When Gill Crowson was “head-hunted” to work for the Peace Hospice soon after it was officially opened, senior management knew she would prove a safe investment.
At the taxi firm she had run with her husband, she had earlier collected thousands of customers’ signatures for a petition to save the Peace Memorial Hospital building which was later to become the home of the Hospice. Later, impressed by a friend’s fundraising efforts for the Peace Hospice Appeal, Gill joined in.
Having trained in accountancy, it was while she was working as an auditor for Lombard Natwest that she was invited to meet the Chief Executive of the Hospice, Graham Ball. “I assumed it was to discuss an event and when I met him on my way to a farm audit, I was wearing jeans and welly boots, completely unaware that he would offer me the job of Community Fundraiser!”
Gill’s priority was to “meet everybody who might be useful” and support was readily forthcoming, first from a group in Chorleywood, then Cassiobury and Borehamwood. Churches, schools, Freemasons, the Round Table, the Rotary and Lions Clubs, the Fire Brigade, the Watford Observer and Watford Football Club all rallied to the cause.
But the first time Gill did a street collection she discovered that she needed the skills of a social worker, since everyone would have a story, so listening skills became part of the induction training for fundraisers.
Over the years, more than one volunteer became a patient. “I’ve seen it from both sides”, she said. “It’s not about the organisation, it’s about the people in the beds and the people in the community visited by Hospice at Home”.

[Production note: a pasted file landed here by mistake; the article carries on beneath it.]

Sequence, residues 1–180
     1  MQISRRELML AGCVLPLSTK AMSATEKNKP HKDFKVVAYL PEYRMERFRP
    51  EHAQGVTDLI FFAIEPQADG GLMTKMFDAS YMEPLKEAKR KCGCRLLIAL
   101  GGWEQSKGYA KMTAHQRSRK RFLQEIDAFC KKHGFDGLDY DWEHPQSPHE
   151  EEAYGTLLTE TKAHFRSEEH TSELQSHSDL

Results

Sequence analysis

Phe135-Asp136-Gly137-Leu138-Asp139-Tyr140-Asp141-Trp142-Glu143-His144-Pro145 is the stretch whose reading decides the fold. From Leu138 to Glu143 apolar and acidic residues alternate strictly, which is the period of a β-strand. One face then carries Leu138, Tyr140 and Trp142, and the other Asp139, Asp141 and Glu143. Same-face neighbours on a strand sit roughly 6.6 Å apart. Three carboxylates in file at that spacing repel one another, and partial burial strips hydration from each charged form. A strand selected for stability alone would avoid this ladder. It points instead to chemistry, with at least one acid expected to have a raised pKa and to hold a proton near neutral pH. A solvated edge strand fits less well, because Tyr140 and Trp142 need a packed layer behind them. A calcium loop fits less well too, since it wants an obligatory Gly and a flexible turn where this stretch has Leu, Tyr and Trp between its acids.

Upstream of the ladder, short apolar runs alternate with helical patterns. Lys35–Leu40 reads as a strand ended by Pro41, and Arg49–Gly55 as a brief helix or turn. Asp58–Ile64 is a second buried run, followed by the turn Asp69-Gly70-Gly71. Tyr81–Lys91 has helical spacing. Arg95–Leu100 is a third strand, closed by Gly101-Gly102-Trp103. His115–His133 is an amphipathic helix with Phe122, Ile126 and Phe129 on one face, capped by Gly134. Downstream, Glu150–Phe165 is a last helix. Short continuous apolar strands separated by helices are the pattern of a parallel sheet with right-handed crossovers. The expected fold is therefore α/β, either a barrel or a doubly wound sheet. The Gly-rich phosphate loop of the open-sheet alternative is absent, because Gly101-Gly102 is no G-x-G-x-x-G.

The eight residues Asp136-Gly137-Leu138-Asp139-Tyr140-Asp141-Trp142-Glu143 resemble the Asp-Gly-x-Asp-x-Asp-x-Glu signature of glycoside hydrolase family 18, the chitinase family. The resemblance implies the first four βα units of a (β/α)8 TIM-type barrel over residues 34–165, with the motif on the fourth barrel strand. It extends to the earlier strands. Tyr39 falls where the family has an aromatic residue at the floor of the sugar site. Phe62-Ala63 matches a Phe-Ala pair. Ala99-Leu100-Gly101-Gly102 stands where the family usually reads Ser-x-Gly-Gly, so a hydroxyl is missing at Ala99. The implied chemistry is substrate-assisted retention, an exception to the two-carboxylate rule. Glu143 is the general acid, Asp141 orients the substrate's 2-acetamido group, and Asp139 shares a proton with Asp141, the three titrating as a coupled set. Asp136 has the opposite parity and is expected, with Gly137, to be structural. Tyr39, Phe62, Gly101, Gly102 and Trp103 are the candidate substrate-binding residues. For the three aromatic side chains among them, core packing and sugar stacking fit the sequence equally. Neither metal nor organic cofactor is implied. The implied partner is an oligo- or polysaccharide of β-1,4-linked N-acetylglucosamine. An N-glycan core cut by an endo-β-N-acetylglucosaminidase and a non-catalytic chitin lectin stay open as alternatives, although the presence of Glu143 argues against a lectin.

One of the Hospice’s greatest successes has been the annual Starlight Walk. But soon after Gill’s team started planning, she became ill, which turned out to be a boon for the event, because she was confined to home and able to devote many more hours to organising the first Walk. With a budget of £30,000, it raised £125,000.
Commercial organisations also provided notable stories. The Financial Mail on Sunday, which contributed to the Help for Hospice charity, featured in one poignant episode. They prepared a feature on a patient but before it was published were told the woman was dying. They sent a courier with a transcript of the article and a framed photograph of the woman and her daughter which took pride of place in her room – she died the next morning.
On another occasion the manager of the multi-screen cinema in Garston arranged a private screening of the latest Harry Potter movie for an inpatient, who wanted to watch it with her three-year-old son before she died.
Gill Crowson retired in 2014:
“It wasn’t easy to leave – it wasn’t my career, it was my vocation, it was my life”.